Thoughts About Fatherhood and Father’s Day in the #Metoo Era
The #metoo movement has the potential to promote a profound cultural shift.
Posted May 29, 2019
A father’s responsiveness to his children and his emotional availability are key characteristics that facilitate children’s development. Children whose fathers participate in the emotional side of parenting (e.g., comforting) have higher self-esteem than children whose fathers are less involved. It is not appropriate to say “emotions are only for and from mom and action and activity are only for and from dad.”
Child rearing in our culture involves helping the child develop more autonomously and become more self-assertive. These attributes are promoted by a father who provides approval and recognition of the child in early childhood. In fact, paternal involvement seems to predict adult adjustment better than in situations where there is only maternal involvement.
With sons, fathers can imagine back to their own boyhood and imagine the child’s future experience. In contrast, fathers relate to daughters in more complex ways. They may have a hard time imagining how their daughters will turn out since they have no personal experience with knowing how it feels to be a growing girl.
It is crucial to note, however, that children of both sexes identify with both parents. A feminine young girl and a masculine little boy will incorporate aspects of both parents into their own personality. A father should be able to communicate to both his sons and daughters that they can become like him. Unquestionably, fathers can help their children develop a sense of competence, security, and self-control. There are two poles that fathers should try to avoid: the pole of detachment, leaving all child-rearing issues to mom; and the pole of pushiness, over-demandingness, and intrusiveness.
Differences between Mothers and Fathers
“Only women can get pregnant and bear babies.” This obvious fact is a result of a woman’s anatomy. However, the statement “Therefore, a woman should be the primary nurturer of her children” is a result of a combination of biological factors (mainly, hormonal influences on the brain and the body), individual differences, and the cultural expectations that child rearing is an activity that should be done by women. Although child-rearing is, thus, often labeled as a feminine activity, its roots are very complicated.
Why are stark differences between mothers and fathers so ingrained in so many people? There are biological, psychological, and sociological reasons as to why, so often, only mothers take full charge of their children and fathers either feel left out, exclude themselves from child-rearing, or are excluded from the tight bond that develops between a mother and infant. In many situations, fathers are considered to be, by both mother and baby, as someone from the “outside.”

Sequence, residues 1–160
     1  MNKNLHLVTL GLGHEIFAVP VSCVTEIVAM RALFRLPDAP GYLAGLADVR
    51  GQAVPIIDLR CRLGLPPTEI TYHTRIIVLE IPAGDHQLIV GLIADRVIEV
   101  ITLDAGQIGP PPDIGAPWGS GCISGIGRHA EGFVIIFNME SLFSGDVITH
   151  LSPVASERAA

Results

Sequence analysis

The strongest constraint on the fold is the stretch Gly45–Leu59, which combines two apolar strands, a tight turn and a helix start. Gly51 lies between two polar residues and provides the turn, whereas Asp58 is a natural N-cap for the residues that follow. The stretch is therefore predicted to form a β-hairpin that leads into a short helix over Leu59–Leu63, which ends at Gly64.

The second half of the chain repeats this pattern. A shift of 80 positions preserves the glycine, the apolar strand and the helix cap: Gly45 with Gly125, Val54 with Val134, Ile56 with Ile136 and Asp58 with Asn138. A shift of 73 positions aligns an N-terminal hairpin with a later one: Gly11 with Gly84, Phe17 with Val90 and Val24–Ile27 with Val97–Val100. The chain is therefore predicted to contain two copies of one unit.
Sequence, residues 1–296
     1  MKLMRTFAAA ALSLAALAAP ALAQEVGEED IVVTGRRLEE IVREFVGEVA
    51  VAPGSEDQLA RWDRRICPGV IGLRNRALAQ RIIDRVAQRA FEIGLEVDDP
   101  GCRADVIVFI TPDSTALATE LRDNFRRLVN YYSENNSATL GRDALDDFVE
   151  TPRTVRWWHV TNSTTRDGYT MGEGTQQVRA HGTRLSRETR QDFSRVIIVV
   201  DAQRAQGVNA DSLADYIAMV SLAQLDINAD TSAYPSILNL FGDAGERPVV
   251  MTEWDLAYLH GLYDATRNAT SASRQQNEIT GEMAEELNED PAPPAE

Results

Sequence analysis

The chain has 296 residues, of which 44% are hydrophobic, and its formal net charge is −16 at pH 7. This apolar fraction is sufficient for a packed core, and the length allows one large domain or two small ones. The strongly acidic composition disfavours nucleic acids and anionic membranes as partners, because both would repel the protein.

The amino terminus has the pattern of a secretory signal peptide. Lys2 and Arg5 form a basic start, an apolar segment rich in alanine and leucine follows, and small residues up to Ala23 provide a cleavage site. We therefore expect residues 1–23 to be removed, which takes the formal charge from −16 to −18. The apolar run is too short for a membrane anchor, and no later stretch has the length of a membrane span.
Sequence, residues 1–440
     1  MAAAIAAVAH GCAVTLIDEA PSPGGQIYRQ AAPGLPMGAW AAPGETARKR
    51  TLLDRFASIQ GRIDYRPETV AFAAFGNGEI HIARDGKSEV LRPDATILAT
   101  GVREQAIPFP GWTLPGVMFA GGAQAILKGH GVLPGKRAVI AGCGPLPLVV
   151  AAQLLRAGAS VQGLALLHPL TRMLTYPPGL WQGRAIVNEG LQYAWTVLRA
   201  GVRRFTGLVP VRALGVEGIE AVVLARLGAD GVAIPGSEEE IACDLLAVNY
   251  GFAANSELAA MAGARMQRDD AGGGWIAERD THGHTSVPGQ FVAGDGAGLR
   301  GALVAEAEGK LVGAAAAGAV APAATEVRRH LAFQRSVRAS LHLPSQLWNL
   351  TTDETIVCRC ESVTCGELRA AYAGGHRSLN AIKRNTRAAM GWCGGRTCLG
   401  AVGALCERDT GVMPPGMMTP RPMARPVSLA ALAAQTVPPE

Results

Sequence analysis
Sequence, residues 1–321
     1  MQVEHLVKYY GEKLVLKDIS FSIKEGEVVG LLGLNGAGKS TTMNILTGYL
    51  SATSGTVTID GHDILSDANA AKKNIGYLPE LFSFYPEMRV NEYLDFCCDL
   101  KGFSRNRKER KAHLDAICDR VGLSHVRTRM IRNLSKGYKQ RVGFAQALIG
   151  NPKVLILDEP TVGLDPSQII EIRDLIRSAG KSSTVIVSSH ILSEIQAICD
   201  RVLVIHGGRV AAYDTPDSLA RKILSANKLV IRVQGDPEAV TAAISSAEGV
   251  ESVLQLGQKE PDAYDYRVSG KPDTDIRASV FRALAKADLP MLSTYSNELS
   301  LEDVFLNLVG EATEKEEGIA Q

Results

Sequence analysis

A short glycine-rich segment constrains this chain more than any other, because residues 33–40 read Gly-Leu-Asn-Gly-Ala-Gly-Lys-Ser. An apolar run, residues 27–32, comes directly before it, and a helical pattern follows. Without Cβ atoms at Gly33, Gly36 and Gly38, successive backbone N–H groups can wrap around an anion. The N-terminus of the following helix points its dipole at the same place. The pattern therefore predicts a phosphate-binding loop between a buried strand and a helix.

Assertion versus Aggression
In patriarchal families or cultures, the father can be seen as forbidding and restraining and is viewed as potentially aggressive towards others, including members of the family. In such a milieu, activity and aggression are equated. Boys who grow up in such environments may internalize these values and become aggressive towards others when they reach adulthood. On the other hand, they may remain passive and submissive if they are frightened that any activity is the equivalence of aggression for which they will be punished. Girls raised in such an environment can feel that to be a woman she has to submit to a man.
Fatherhood and the #metoo movement
The #metoo movement has the potential to promote a profound cultural shift. Can this movement continue into the future or will it fade from view? This movement has the opportunity to promote two messages: 1) Girls and women of any age do not have to feel compelled to submit to men against their will and 2) Masculinity is not a unidimensional construct which is equated with aggressive behavior. Such an approach can promote the distinction between assertion and aggression. Fathers can then encourage the development of autonomy and assertion, rather than destructive aggression, in both boys and girls.
Hoffman, L. (2008). Oedipus and Autonomy Assertioe n, Aggression, and the Idealized Father. Annual of Psychoanalysis, 36:85-100
Herzog, J. M. (2001). Father Hunger: Explorations with Children and Adults. Hillsdale, NJ/London: Analytic Press.